In 1380 Hongwu had the Chancellor Hu Weiyong executed upon suspicion of a conspiracy plot to overthrow him after that Hongwu abolished the Chancellery and assumed this role as chief executive and emperor, a precedent mostly followed throughout the Ming period. [18] [19] With a growing suspicion of his ministers and subjects, Hongwu established the Jinyiwei, a network of secret police drawn from his own palace guard. Some 100,000 people were executed in a series of purges during his rule. [18] [20]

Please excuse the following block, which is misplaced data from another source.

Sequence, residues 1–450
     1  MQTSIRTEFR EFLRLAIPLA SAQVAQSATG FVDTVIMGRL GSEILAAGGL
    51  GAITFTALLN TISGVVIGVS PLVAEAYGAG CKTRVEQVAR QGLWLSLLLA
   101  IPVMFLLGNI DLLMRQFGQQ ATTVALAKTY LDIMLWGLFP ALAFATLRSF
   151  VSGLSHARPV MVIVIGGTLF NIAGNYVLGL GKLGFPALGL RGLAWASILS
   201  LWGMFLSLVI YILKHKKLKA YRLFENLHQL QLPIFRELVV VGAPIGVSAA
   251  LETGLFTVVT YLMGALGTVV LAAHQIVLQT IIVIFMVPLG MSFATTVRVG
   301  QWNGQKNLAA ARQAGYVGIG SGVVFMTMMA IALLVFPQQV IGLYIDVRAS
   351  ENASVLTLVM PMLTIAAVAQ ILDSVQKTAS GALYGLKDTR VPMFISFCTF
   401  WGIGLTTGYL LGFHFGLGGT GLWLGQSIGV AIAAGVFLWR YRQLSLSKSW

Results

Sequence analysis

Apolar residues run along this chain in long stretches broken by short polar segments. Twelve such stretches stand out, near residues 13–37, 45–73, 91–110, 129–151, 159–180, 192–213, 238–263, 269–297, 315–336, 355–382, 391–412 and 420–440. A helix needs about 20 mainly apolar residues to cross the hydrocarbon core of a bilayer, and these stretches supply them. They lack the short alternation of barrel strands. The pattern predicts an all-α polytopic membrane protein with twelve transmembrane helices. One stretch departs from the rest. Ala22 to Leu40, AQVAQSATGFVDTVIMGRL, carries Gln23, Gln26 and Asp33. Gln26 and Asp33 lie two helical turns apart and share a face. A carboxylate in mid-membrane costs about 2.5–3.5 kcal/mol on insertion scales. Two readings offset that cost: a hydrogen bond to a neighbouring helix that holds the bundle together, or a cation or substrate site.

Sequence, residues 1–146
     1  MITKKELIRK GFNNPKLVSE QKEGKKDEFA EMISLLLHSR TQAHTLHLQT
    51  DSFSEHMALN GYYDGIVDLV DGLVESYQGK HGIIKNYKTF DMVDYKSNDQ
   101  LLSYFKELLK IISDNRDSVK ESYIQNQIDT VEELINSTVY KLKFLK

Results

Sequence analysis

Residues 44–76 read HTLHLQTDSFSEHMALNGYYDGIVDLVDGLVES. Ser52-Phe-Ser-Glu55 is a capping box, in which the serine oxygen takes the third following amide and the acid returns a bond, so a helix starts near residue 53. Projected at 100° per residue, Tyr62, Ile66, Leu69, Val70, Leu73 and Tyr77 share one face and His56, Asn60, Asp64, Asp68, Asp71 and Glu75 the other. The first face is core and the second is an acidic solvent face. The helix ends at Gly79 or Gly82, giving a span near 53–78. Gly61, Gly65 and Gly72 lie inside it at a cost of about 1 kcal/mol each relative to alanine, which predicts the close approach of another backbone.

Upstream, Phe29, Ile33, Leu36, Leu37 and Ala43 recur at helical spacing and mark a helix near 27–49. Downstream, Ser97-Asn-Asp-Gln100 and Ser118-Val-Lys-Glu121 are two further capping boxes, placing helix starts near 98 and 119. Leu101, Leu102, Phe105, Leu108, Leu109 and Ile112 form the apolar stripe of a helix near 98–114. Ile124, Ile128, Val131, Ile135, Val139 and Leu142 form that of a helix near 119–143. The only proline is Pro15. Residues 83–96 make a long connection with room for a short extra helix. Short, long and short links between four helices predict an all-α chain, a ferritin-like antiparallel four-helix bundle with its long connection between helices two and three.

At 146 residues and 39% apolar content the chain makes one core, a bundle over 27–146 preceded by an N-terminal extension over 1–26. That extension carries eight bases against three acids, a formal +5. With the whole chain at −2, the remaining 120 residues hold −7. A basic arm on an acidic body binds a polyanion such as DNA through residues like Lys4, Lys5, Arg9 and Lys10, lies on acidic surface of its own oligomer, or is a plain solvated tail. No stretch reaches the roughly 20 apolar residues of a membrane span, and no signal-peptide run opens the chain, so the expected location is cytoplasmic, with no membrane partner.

The Hongwu emperor issued many edicts forbidding Mongol practices and proclaiming his intention to purify China of barbarian influence. However, he also sought to use the Yuan legacy to legitimize his authority in China and other areas ruled by the Yuan. He continued policies of the Yuan dynasty such as continued request for Korean concubines and eunuchs, Mongol-style hereditary military institutions, Mongol-style clothing and hats, promoting archery and horseback riding, and having large numbers of Mongols serve in the Ming military. Until the late 16th century Mongols still constituted one-in-three officers serving in capital forces like the Embroidered Uniform Guard, and other peoples such as Jurchens were also prominent. [21] He frequently wrote to Mongol, Japanese, Korean, Jurchen, Tibetan, and Southwest frontier rulers offering advice on their governmental and dynastic policy, and insisted on leaders from these regions visiting the Ming capital for audiences. He resettled 100,000 Mongols into his territory, with many serving as guards in the capital. The emperor also strongly advertised the hospitality and role granted to Chinggisid nobles in his court. [22]